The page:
Matt Newton, senior portfolio marketing manager at AVEVA, discusses how IIoT can best cyber security challenges met through software adoption. According to Gartner’s 2019 Industrial IoT Platforms Magic Quadrant report, by 2023 30% of industrial enterprises will have full, on-premises deployments of IIoT platforms. IIoT platforms and software adoption is rapidly increasing – up 15% in 2019 – and this will undoubtedly continue to grow as we progress through the new decade. From enhancing operational performance to improved business processes, adopting new technology and software capabilities is vital for business success in today’s industrial sector. However, when it comes to adopting software and technology, integrating new systems with existing legacy systems in the industry can be a challenge.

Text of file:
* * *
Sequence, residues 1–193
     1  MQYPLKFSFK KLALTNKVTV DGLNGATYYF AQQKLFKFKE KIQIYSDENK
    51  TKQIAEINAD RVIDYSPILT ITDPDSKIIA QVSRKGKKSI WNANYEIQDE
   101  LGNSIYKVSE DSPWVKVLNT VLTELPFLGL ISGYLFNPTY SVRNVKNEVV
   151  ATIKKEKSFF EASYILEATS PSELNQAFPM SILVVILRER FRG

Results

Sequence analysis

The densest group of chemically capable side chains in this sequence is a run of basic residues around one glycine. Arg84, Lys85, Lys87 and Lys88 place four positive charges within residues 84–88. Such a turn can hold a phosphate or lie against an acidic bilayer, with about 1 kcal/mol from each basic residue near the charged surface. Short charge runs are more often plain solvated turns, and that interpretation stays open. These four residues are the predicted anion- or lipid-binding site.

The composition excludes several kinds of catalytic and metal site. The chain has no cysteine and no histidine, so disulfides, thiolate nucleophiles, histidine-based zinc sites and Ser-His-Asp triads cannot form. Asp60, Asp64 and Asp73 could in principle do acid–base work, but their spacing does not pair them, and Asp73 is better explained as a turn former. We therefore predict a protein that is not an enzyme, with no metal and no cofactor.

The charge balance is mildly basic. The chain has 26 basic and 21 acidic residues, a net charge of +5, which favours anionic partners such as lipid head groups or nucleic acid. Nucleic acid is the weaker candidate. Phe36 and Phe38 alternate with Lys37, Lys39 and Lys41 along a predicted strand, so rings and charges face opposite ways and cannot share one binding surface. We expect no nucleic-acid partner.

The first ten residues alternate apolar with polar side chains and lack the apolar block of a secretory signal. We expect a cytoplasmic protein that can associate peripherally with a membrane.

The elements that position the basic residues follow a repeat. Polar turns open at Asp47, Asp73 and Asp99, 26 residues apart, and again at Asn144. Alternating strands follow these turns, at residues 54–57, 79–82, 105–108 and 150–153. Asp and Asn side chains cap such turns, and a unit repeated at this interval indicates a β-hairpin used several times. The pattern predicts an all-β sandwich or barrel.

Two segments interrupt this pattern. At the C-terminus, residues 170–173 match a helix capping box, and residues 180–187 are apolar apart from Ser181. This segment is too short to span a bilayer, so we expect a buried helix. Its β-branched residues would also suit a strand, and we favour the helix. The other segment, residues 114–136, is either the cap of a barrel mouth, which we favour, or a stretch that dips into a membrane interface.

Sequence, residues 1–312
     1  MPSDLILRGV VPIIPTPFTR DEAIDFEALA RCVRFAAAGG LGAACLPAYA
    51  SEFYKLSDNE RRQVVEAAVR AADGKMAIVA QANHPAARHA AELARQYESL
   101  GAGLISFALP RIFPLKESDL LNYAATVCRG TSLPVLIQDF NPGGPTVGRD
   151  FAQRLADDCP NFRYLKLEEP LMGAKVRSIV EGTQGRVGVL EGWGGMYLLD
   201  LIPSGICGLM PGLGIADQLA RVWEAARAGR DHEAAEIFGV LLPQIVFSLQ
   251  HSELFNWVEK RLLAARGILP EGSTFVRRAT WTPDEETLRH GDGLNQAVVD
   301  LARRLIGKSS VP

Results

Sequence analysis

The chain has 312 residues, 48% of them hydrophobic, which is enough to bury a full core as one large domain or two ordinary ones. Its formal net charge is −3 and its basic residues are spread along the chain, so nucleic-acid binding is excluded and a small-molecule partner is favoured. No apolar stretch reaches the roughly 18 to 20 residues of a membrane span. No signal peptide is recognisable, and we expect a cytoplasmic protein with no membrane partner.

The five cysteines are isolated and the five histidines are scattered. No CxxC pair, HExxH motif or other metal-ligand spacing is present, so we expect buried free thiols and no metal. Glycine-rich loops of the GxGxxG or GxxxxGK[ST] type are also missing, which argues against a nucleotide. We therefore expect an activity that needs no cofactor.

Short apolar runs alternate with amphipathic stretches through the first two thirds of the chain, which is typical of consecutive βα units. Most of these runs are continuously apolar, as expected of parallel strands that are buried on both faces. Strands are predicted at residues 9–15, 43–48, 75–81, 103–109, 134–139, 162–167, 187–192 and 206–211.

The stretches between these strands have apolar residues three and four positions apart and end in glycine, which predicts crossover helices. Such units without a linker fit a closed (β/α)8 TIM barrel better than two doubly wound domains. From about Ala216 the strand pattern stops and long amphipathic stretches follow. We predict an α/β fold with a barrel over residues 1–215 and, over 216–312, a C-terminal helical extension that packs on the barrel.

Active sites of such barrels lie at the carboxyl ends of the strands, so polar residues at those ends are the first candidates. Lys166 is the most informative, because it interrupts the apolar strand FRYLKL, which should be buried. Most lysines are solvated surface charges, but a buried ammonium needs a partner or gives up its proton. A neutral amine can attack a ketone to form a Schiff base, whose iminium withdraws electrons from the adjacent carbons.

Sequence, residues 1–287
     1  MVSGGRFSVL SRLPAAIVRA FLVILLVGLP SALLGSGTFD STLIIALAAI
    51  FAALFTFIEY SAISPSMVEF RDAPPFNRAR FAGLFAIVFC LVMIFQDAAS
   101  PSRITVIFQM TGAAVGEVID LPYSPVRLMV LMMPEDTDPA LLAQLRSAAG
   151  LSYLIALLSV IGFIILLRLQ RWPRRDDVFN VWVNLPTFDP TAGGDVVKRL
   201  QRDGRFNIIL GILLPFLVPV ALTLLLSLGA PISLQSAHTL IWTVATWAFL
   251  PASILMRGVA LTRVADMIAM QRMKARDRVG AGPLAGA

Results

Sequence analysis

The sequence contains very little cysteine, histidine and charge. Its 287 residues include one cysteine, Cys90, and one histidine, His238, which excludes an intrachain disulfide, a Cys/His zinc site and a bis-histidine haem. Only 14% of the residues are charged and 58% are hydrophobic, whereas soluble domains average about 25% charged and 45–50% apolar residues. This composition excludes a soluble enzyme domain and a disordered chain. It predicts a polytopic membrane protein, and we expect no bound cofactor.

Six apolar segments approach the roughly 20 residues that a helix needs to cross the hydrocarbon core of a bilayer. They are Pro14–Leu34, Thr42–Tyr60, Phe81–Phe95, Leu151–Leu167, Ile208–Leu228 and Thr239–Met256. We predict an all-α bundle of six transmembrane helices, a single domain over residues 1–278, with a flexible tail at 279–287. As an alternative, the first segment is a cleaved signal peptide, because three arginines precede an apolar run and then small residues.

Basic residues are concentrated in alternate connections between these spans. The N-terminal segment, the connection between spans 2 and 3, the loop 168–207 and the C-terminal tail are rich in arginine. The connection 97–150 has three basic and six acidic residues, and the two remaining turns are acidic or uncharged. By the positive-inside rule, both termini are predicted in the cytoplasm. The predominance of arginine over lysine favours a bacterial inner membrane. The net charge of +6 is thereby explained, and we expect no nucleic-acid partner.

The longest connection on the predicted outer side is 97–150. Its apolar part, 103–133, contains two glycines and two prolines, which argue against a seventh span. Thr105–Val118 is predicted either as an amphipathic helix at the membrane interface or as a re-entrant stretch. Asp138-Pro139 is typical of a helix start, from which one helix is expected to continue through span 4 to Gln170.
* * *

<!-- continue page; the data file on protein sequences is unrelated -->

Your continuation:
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What Does It Take to Be a Cybersecurity Professional?

Article | March 30, 2020